In conversation with Ruby Tandoh

Food writer Ruby Tandoh on cooking for ordinary people, following the joy of food rather than a glossy photo, and why donuts make the best snack.

As her unique new book Cook As You Are reaches readers, food writer Ruby Tandoh talks to Nina Pullman about cooking for ordinary people, following the joy of food rather than a glossy photo, and why donuts make the best snack.

Where did the idea for your new book come from? 

Ruby Tandoh (RT): I think a huge amount of it came from personal experience. Obviously I love cooking, I love reading cookbooks and trying something new. However, I also go through long spells of feeling like I cannot face cooking. I simply don’t want to, or I can’t drag myself up. I occupy both ends of the cooking enthusiasm spectrum at different times, and I wanted to create a book that would allow people to enter into it that way. Because not everyone is a committed food hobbyist. So it’s a cookbook that represents real life when you don’t always have the energy or the means or the inclination to do something ground-breaking.

It seems to be written with almost a deliberate list of things you see missing or want to correct in food media and food writing elsewhere: no photos, references to budget, a list of credits at the start of every chapter, racial diversity, and adaptions for physical disability. Can you talk me through a couple of those, and why you wanted to address them?

RT: I’ll start off by saying I love a photo cookbook – I think they’re beautiful, I’m as guilty as anyone of just picking one up and being completely taken in by that beautiful imagery. However, I also know that the downside of having those photos is that it presents a really narrow view of what cooking can look like. And the way cookbook photo shoots happen is you’ll go to a studio kitchen or set, and it’ll be so much more beautiful than your usual kitchen. And there’ll be food stylists and photographers and it’s an absolute ordeal that in no way reflects how cooking usually happens and what food usually looks like. And I knew I wanted to step away from that a bit and give people the opportunity to be led by the joy of cooking, rather than trying to replicate a photo. Using illustrations, we were able to portray loads of different kitchens, loads of different people, loads of different ways of cooking, and that kind of diversity is really difficult to get if you’re just doing one photo shoot in one kitchen.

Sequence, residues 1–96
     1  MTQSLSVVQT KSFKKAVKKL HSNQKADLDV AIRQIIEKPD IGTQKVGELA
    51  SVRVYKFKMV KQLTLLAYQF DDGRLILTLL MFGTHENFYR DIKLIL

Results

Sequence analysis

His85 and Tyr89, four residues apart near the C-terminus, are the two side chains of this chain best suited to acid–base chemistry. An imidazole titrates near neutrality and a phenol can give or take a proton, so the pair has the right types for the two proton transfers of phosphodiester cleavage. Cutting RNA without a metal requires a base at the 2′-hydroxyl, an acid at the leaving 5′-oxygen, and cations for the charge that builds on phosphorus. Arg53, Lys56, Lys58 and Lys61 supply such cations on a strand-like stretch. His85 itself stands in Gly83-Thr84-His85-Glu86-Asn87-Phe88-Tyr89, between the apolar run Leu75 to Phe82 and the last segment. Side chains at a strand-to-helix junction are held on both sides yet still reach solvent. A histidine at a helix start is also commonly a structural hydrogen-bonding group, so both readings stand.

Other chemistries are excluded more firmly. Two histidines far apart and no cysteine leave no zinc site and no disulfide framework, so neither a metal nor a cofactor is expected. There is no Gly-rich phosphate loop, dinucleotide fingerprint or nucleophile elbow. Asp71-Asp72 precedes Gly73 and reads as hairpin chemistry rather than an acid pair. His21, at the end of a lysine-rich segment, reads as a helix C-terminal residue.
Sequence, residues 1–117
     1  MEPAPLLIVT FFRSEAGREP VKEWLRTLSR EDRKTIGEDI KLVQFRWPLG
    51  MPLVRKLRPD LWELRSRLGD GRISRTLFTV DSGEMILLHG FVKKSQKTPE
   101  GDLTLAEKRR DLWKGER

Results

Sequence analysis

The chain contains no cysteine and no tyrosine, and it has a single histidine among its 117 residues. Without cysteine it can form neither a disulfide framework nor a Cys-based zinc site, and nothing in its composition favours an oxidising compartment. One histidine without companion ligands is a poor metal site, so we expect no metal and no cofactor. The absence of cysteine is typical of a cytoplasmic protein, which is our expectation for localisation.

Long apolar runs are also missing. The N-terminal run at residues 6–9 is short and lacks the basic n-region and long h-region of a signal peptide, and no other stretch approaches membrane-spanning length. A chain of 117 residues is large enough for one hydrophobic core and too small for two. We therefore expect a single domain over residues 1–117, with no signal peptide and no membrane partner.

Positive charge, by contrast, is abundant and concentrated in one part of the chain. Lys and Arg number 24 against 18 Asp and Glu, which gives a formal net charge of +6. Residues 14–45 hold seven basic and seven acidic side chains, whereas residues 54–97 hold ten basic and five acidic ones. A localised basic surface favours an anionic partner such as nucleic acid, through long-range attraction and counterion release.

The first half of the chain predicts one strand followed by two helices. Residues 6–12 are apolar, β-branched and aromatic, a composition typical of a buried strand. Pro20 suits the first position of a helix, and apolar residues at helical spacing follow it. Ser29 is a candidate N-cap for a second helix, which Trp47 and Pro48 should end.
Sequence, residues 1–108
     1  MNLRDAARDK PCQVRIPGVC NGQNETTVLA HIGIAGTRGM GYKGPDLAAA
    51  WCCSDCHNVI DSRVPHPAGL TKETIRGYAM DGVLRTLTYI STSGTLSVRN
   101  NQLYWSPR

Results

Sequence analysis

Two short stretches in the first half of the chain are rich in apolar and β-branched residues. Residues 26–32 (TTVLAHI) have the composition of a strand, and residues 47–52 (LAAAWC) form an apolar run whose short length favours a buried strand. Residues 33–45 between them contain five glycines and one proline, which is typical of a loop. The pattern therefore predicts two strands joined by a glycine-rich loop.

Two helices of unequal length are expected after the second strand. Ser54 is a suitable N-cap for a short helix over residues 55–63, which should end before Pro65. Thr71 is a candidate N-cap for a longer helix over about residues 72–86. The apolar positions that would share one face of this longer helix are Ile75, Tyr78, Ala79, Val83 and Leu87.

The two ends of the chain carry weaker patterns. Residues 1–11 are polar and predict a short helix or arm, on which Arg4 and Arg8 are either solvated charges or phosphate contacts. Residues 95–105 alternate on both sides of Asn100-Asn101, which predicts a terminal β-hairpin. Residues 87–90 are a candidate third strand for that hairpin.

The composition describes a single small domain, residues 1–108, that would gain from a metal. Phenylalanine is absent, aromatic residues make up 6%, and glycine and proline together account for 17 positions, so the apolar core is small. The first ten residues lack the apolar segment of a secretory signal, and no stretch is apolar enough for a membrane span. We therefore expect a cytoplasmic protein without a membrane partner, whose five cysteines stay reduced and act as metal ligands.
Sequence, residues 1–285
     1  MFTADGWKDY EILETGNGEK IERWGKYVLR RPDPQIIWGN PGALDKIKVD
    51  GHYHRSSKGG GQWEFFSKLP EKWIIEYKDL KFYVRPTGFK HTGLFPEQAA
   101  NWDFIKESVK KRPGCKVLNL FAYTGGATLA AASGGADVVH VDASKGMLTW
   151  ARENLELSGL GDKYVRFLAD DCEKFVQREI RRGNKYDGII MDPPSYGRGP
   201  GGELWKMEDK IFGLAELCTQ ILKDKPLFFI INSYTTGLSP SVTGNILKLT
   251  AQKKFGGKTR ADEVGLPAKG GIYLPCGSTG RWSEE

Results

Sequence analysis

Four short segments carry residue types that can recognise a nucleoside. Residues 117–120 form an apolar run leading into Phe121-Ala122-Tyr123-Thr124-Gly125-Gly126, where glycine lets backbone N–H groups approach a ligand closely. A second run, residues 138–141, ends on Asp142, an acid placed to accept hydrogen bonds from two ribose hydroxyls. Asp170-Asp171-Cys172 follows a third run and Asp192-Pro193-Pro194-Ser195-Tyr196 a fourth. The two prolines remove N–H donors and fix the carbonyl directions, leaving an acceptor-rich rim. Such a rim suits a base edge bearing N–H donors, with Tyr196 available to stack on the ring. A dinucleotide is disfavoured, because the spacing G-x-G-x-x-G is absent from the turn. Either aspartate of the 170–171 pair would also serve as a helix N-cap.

You’ve addressed the fact people have different budgets – is that something you see missing from other representations of cooking?

RT: I did a shout out on social media and loads of people said they were really nervous about following recipes because they weren’t really sure about which things they could swap. They often felt overwhelmed by knowledge that was assumed in the recipes but not actually explained. And it was clear to me then that this [book] really needed to be as inclusive as possible. So including lots of swaps, whether that’s because you don’t have an ingredient in the house or you need something cheaper, or you need something that you don’t have to chop because you’ve got limited ability. It needed to have those adaptations.

We are hearing more about crediting recipes and influences, but you’ve included this in your book at the start of every chapter in a very visible way. Why was that important to you?

RT: It’s definitely a conversation that’s grown, and I don’t think I’ve done enough of it over the years. We all think that once we’ve made a recipe and reworked it in our own image, we feel like we’ve got a kind of ownership over that recipe. But at the end of the day, the overwhelming majority of recipes have a lineage, that go back way further than one recipe tester. Most of us aren’t that blindingly original. So it’s about respecting that lineage and pointing people in the direction of where I got the recipe inspiration from, whether that’s a person, a YouTube channel, a cookbook, or generally from a culture using x or y ingredient. It’s making those links clear so that way people can go off and explore those if they want to.